Scottish National Dictionary (1700–)

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MEEDOW, n. Also meeda (Slk. 1899 C. M. Thomson Drummeldale 96), meedie (e.Lth. 1896 J. Kerr Golf Bk. e.Lth. 472; Dmf. 1959); mea(d)die (Edb. 1906 V. Spiganovicz Night Life 12; Knr. 1925 H. Haliburton Horace 216), meddie (e.Lth. 1948 Scots Mag. (June) 167); mödow (Sh. 1916 J. Burgess Rasmie's Smaa Murr (5 Jone)), möddoo (Sh. 1956 Shetland News (4 Dec.)), mud(d)ow (Sh. 1922 J. Inkster Mansie's Röd 128), müddoo (Sh. 1947 New Shetlander No. 1. 9), muudow (Sh. 1949 J. Gray Lowrie 111). Sc. forms and usages of Eng. meadow (Per., Fif., Lth., Ayr. 1915–26 Wilson; Lnk. 1919 G. Rae Clyde and Tweed 81). [′midə, Sh. ′mødʊ]

1. A stretch of marshy grass-land where the natural coarse grasses are often cut for hay (Sc. 1825 Jam.). Gen.Sc. Bwk. 1809  R. Kerr Agric. Bwk. 28:
In the subsequent report of the county, prepared and published by Mr John Home [1797], the soils and circumstances are thus arranged and estimated: “Meadow, moss, and muir of Lammermoor and Lauderdale, including some arable patches, . . . 99,870 acres”. It may be proper to remark that the term meadow, used by Mr Home, is a provincial name for green bog, or marshy ground, producing coarse grass, mostly composed of rushes and other aquatic plants.
Ork. 1880  Dennison Sketch-Bk. 24:
Sir Jeems ran tae a meedow an' lay doon amang the lang saigs.
Uls. 1898  A. M'Ilroy Meetin'-Hoose Green 11:
A child came running up the back street, announcing that he had “seen Loudie up the meedas, near the “horse hole”, wi' his coat an' hat aff, preparin' tae jump in”.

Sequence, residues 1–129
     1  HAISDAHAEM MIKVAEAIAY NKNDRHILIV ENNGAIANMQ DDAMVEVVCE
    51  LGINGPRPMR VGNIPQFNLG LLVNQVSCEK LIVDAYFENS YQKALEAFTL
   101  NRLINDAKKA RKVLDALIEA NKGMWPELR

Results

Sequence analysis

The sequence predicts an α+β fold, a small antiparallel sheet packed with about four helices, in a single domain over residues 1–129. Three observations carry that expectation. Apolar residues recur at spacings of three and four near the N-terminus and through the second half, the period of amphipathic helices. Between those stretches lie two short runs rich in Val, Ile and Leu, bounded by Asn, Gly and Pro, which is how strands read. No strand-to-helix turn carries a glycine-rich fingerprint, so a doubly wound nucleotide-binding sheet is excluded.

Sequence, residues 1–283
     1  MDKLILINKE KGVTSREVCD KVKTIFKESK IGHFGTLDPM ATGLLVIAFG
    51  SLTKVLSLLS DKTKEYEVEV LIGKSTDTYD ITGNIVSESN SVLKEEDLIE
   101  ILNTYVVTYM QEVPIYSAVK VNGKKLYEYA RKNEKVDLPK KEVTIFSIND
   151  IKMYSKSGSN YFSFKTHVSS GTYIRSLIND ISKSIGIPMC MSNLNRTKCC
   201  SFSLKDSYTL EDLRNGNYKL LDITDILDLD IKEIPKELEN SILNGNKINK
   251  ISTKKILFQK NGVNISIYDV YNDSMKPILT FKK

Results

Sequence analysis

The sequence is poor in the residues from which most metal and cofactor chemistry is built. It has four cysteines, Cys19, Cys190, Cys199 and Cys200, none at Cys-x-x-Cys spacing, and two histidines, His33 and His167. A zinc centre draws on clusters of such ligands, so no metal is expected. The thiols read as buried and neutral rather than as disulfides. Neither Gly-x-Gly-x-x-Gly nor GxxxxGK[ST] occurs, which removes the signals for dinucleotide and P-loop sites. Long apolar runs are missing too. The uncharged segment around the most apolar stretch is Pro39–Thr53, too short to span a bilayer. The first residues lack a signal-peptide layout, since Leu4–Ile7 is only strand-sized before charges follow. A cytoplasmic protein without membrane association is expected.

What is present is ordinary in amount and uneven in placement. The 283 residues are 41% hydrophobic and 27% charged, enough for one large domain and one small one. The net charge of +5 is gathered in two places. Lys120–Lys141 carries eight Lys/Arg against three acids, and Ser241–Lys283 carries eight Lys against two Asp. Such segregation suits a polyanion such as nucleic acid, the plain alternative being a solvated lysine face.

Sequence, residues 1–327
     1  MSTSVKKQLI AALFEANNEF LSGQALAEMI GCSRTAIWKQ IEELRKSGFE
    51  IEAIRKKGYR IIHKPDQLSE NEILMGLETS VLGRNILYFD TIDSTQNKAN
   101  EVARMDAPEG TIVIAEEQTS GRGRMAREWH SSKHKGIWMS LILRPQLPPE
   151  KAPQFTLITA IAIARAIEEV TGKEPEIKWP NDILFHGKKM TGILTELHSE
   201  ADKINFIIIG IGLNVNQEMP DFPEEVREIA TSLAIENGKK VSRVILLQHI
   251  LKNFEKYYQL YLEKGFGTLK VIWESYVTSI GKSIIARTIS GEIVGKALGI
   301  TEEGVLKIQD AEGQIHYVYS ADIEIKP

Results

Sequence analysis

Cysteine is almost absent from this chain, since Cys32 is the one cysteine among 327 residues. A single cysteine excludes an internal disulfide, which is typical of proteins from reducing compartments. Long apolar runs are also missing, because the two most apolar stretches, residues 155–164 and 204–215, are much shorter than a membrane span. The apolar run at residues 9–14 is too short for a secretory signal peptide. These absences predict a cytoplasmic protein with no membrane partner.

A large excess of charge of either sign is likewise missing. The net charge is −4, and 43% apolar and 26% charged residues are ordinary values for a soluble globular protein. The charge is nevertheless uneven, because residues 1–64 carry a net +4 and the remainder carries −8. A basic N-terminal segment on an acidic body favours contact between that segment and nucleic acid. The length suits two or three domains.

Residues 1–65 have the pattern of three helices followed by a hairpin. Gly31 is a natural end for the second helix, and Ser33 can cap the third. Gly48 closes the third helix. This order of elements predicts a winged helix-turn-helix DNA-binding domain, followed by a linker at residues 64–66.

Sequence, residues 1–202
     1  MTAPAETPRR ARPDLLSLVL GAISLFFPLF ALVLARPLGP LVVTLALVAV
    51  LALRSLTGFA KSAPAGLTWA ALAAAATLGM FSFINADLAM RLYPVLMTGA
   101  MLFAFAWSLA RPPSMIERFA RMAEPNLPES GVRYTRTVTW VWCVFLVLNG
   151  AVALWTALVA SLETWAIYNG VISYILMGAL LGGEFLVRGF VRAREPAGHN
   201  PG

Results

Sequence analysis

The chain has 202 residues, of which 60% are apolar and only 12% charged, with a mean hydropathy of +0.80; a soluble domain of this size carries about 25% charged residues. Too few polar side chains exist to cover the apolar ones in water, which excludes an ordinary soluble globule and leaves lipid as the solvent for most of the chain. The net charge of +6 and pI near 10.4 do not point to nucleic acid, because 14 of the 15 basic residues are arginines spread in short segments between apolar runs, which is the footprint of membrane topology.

2. Sc. combs.: (1) meadow gowan, see Gowan; (2) meadow-hay, hay made from natural grasses cut on boggy ground (Sc. 1825 Jam.); (3) meadow kerses, the cuckoo flower, Cardamine pratensis (Dmf. 1896 Garden Work CXIV. 111). See Kerse; (4) meadow nuts, the purple marsh cinquefoil, Comarum palustre (Ayr. 1886 B. & H. 330), of which the roots were eaten by children; (5) meadow-queen, the meadow-sweet, Spiraea ulmaria. Cf. Eng. Queen of the Meadow(s), id. Poet.; (6) meadow rocket, the marsh orchis, Orchis latifolia; (7) meadow spink, the ragged robin, Lychnis cuculi (Slg. 1886 B. & H. 330). Eng. has meadow-pink, id., obs. (2) Rnf. 1812  J. Wilson Agric. Rnf. 112:
Meadow-hay . . . is collected in the high and poor districts from bogs or marshy grounds, on which no attempts at cultivation have ever been made.
(5) Rnf. 1853  J. Fraser Poetic Chimes 110:
The modest meadow-queen, And lily near the lake.
Knr. 1891  H. Haliburton Ochil Idylls 158:
Here a bunchy meadow-queen is Trying through a marsh to flounder.
(6) Dmf. 1824  MacTaggart Gallov. Encycl. 174:
There are few districts in Scotland which have not their own name to this plant; in Annandale, and by the border, it is meadow rocket.
(7) Clc. 1860  J. Crawford Doric Lays 6:
The primrose and the meadow-spink In busky shades reposin'.

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"Meedow n.". Dictionary of the Scots Language. 2004. Scottish Language Dictionaries Ltd. Accessed 22 Oct 2018 <>



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